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The Effect of Relative Income on Conformism
Last registered on March 15, 2021

Pre-Trial

Trial Information
General Information
Title
The Effect of Relative Income on Conformism
RCT ID
AEARCTR-0007310
Initial registration date
March 12, 2021
Last updated
March 15, 2021 10:50 AM EDT
Location(s)
Region
Primary Investigator
Affiliation
Paderborn University
Other Primary Investigator(s)
PI Affiliation
Paderborn University
Additional Trial Information
Status
In development
Start date
2021-03-29
End date
2021-03-31
Secondary IDs
Abstract
In this study, we test how relative income effects affect conformism behavior. We conduct an experiment, in which we vary relative income in form of an endowment and use a repeated voting structure between 2 policies to observe conformism behavior in groups. The repeated voting structure allows us to disentangle conformism behavior caused by different motives. The different high incomes could influence the uncertainty about the ability to make a good decision and thus affects the chance for social learning. Another treatment effect could be that the income effects induce general reciprocity and affect conformism behavior over the channel of social responsibility. Knowing when people do or do not conform, can help to implement measures to support the implementation of the majority┬┤s vote.
External Link(s)
Registration Citation
Citation
Bopp, Fabian and Larissa Wienke. 2021. "The Effect of Relative Income on Conformism." AEA RCT Registry. March 15. https://doi.org/10.1257/rct.7310-1.0.
Experimental Details
Interventions
Intervention(s)
Intervention Start Date
2021-03-29
Intervention End Date
2021-03-31
Primary Outcomes
Primary Outcomes (end points)
Share of conformism behavior within the minority subjects
Primary Outcomes (explanation)
We implement repeated voting between two options in groups of three. As a result, we may observe how a subject in the minority behaves and whether she conforms or not.
Secondary Outcomes
Secondary Outcomes (end points)
Secondary Outcomes (explanation)
Experimental Design
Experimental Design
In this study, we create a relative income effect. Subjects form a group of three members. Using a repeat decision between two options with different decision rules we first elicit the unbiased preferences, then create a situation in which we can observe minority behavior, and then by changing the decision rule between the repeated choices observe whether and why subjects conform.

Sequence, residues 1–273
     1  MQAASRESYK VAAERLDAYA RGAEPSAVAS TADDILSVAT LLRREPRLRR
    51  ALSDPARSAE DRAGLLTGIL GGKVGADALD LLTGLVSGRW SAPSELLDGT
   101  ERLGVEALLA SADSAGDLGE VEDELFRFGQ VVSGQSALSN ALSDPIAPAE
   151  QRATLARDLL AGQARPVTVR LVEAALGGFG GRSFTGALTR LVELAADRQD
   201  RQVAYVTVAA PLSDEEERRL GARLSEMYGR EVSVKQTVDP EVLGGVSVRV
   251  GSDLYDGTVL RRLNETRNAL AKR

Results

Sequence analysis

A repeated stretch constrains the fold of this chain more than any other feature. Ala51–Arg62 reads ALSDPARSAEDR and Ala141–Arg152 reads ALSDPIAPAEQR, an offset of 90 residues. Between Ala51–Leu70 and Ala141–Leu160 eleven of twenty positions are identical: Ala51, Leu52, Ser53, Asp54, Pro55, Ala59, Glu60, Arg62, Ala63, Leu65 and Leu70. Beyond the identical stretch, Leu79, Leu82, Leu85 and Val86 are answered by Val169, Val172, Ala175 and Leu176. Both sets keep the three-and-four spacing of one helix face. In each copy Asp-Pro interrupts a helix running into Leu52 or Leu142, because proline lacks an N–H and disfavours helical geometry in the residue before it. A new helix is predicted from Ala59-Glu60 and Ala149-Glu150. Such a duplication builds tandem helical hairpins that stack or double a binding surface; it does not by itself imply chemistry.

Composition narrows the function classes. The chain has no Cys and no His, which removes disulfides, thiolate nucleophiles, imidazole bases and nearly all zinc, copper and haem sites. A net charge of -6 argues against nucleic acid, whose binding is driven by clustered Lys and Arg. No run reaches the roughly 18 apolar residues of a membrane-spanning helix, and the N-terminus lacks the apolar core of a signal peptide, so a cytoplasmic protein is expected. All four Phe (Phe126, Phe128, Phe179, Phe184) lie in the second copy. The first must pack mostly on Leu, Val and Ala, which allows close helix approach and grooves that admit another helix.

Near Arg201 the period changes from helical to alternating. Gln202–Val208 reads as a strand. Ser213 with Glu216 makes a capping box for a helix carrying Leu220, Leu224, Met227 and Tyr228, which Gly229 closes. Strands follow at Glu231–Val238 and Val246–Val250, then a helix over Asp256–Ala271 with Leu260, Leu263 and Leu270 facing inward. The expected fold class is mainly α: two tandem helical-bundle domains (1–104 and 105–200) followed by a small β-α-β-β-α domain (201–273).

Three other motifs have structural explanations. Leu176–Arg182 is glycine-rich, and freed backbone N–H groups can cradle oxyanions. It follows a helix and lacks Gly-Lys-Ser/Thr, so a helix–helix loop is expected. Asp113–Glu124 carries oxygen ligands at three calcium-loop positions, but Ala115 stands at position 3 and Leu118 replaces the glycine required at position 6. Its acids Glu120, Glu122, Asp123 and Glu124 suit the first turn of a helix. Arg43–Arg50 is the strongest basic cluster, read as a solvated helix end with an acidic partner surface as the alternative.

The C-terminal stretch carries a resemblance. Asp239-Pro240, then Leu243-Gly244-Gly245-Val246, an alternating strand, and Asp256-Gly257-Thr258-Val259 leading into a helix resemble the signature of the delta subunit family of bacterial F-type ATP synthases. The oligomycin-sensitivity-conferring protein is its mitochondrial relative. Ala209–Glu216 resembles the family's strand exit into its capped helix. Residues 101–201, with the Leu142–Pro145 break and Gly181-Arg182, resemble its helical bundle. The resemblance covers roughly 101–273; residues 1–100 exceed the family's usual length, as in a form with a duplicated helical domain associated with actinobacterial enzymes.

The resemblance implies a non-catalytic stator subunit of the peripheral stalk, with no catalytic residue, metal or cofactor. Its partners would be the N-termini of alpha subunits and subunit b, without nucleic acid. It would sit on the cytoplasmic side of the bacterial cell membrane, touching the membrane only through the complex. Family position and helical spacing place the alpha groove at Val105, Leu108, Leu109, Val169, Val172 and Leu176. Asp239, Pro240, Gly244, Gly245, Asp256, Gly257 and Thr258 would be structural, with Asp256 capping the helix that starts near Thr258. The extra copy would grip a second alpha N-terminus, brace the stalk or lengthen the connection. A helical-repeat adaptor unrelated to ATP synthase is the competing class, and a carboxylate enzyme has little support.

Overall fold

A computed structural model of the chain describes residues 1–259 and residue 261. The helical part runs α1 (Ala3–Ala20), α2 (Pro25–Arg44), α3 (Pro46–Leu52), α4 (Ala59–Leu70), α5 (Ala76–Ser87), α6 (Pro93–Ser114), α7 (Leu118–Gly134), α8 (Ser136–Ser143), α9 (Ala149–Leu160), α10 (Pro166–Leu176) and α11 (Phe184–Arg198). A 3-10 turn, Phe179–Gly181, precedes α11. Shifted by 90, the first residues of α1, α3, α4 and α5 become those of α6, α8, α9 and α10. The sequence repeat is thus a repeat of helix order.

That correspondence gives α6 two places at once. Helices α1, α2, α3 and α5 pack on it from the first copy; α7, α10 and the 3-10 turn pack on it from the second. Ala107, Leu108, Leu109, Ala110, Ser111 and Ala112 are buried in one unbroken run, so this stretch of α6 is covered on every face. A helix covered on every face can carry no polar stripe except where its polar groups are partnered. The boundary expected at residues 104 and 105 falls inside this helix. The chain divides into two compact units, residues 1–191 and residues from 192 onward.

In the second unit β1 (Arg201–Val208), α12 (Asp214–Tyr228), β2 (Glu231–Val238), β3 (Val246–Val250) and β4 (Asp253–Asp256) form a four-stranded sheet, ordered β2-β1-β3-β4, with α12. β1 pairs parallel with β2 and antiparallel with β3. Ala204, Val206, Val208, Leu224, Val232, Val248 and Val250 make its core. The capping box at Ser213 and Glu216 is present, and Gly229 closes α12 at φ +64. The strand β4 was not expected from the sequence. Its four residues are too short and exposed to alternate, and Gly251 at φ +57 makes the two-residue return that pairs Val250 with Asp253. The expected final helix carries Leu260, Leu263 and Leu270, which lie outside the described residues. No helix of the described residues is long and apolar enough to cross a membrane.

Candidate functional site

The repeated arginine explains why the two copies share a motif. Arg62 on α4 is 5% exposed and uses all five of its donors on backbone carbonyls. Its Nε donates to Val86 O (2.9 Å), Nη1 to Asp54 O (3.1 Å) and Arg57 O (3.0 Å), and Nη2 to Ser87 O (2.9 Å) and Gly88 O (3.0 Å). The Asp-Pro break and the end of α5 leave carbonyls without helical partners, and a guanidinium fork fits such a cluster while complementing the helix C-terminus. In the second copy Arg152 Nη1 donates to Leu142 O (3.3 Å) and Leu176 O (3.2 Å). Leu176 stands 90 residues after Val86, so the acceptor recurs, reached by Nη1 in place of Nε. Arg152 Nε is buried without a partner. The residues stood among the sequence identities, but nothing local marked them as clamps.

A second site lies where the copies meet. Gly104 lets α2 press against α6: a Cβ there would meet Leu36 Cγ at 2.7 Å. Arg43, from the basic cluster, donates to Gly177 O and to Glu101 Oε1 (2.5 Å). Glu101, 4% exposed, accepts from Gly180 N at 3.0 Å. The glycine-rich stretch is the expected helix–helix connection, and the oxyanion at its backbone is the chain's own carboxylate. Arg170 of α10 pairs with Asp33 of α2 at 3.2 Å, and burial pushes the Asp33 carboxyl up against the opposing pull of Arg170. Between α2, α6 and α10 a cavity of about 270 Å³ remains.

Experimental Design Details
Randomization Method
randomization is done by a computer
Randomization Unit
individual
Was the treatment clustered?
No
Experiment Characteristics
Sample size: planned number of clusters
102 subjects
Sample size: planned number of observations
102 subjects* 5 choice problems=510 observations (We are only interested in minority observations) 510*0.25 (estimate of minority observations per choice problem &subject)= estimated 126 (interesting) observations. We use groups of 3 subjects but do not force them into a minority. Thus it can happen, that all 3 choose the same option and no group member ends up in the minority. This explains why estimated share is smaller them 0.33.
Sample size (or number of clusters) by treatment arms
estimated 63 observation per treated type
Minimum detectable effect size for main outcomes (accounting for sample design and clustering)
IRB
INSTITUTIONAL REVIEW BOARDS (IRBs)
IRB Name
IRB Approval Date
IRB Approval Number
Analysis Plan

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Post-Trial
Post Trial Information
Study Withdrawal
Intervention
Is the intervention completed?
No
Is data collection complete?
Data Publication
Data Publication
Is public data available?
No
Program Files
Program Files
Reports, Papers & Other Materials
Relevant Paper(s)
REPORTS & OTHER MATERIALS